Three Things About Writing

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It had been a while since I had been tagged with a meme. Then Colleen from Loose Leaf Notes remedied to that by asking me to list three pieces of writing advice. Her own advice is excellent, and why she chose to tag me, I have no idea, since I’m a self-taught amateur for the most part, and have yet to take myself seriously as a writer (then again, maybe it’s best that I don’t). Here’s what I came up with:

1. When you start writing a new piece, remember it’s just a first draft and don’t concern yourself too much with the outcome. When you’re writing out that first draft, just go with the flow, keep writing without stopping and don’t be afraid of inconsistencies or mistakes. Don’t worry about things like your spelling either. The first draft is like an artist’s sketch — you do it to get down the general idea and to give yourself something to work with in subsequent stages. There’ll be plenty of occasions to make necessary improvements and revisions down the line.

2. Don’t be afraid to experiment and keep in mind that it’s okay if things don’t go as planned. Sometimes we estimate how many words it’ll take us to convey a story, and as we’re writing it, we find out that what we thought might take two thousand words to say only actually needs fifty, and vice versa. If you really need to write in a specific format and your first draft comes out differently don’t worry about it. The important thing is you’ve gotten the ideas down on screen or paper. You can always make the necessary adjustments when you move on to the next stage.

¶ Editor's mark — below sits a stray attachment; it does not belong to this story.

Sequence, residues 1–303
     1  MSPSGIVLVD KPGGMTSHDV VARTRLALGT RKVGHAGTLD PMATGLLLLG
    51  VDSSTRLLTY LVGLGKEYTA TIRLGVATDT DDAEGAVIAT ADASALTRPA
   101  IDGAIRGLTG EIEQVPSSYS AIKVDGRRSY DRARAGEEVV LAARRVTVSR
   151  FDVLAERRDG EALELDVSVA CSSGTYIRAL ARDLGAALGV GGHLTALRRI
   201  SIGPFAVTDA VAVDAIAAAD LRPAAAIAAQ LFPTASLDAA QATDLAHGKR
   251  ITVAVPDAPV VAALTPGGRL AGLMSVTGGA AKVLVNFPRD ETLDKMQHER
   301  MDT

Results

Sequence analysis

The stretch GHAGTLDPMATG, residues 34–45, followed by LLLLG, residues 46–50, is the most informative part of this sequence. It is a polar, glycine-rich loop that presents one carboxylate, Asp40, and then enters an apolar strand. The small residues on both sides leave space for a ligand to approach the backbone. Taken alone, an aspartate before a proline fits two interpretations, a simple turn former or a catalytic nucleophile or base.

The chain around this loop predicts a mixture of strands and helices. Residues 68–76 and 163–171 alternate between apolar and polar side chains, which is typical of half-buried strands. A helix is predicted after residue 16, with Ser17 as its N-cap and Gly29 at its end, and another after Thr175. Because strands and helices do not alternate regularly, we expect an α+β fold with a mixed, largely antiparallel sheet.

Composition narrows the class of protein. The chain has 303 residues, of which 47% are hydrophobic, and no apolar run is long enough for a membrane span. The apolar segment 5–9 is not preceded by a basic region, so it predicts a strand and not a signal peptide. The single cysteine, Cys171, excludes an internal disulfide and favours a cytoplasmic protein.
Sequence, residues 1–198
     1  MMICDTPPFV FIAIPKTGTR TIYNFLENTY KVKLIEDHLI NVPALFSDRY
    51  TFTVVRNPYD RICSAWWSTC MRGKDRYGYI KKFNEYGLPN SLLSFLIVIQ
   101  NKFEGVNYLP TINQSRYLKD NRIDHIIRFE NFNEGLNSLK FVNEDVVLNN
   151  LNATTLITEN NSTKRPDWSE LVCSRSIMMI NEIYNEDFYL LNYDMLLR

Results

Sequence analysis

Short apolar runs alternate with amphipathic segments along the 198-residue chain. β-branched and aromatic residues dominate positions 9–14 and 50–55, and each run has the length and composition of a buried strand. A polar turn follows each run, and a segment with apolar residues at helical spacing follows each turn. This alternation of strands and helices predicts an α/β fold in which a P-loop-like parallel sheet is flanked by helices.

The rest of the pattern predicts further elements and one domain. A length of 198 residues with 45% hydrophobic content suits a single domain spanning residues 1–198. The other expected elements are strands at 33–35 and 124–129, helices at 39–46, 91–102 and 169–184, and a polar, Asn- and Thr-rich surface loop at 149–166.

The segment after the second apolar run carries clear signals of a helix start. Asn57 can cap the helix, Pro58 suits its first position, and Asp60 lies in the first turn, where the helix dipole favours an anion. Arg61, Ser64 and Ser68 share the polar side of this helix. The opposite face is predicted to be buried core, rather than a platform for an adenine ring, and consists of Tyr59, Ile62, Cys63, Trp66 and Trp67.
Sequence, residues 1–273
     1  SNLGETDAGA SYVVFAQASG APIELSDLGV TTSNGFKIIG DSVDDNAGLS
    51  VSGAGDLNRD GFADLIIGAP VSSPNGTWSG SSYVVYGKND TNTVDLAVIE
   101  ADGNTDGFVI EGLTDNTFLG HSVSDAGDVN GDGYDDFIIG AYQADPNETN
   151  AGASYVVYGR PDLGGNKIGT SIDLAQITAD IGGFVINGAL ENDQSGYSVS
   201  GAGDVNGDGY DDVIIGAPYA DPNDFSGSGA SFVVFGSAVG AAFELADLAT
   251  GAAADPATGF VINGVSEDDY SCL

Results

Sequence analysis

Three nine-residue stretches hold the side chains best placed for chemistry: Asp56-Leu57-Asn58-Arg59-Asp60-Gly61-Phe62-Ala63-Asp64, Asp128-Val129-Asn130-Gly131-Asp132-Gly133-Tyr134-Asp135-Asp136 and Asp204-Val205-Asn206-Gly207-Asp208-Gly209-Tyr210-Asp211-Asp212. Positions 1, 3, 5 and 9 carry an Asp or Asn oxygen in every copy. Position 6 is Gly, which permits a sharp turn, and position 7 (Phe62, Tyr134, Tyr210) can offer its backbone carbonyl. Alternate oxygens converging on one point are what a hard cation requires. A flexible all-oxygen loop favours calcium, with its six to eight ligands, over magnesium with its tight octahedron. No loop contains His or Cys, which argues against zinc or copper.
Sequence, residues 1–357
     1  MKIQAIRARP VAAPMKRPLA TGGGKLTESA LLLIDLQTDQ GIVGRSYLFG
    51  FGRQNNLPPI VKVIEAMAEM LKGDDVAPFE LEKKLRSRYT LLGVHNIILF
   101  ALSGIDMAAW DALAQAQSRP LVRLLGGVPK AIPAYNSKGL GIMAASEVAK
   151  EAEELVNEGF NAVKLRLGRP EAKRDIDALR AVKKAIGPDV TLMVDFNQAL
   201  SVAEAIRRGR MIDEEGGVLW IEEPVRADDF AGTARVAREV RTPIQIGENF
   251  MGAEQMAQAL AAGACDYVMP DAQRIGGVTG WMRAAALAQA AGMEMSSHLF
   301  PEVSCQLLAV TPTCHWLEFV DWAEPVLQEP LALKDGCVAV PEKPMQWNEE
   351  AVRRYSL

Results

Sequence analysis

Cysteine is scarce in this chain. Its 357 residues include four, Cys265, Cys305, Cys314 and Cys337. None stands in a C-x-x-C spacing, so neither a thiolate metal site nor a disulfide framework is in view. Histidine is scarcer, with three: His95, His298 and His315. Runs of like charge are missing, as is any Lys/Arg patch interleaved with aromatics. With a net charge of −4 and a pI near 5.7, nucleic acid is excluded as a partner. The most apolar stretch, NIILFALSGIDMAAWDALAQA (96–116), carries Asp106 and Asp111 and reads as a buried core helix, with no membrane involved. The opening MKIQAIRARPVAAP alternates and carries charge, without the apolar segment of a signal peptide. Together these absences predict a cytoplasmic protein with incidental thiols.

3. Remember that writing is an ongoing process and that the more you do it, the more possibilities you’ll find. It’s not like any of us has a finite number of words or characters within us. Unlike a bank account, there’s really no reason to “save” your words because you can never run out of words and stories to tell. There are endless possibilities. Keeping that in mind should hopefully help free you up to allow yourself to try things, enjoy the process, and not get too fixated on writing a perfect piece each and every time. Chances are, when you’re not concerning yourself with false limitations, your writing will actually get better.

Voilà. That’s the best I could come up with today. I won’t tag anyone this time, although there are a few people I’d be curious to read on that topic. If you feel up to to it, please do be my guest, and make sure to let me know you’ve participated in this meme so I can your own advice about writing.

Painting: A Lady Writing
(Schrijvend meisje)
Vermeer 1665-1666

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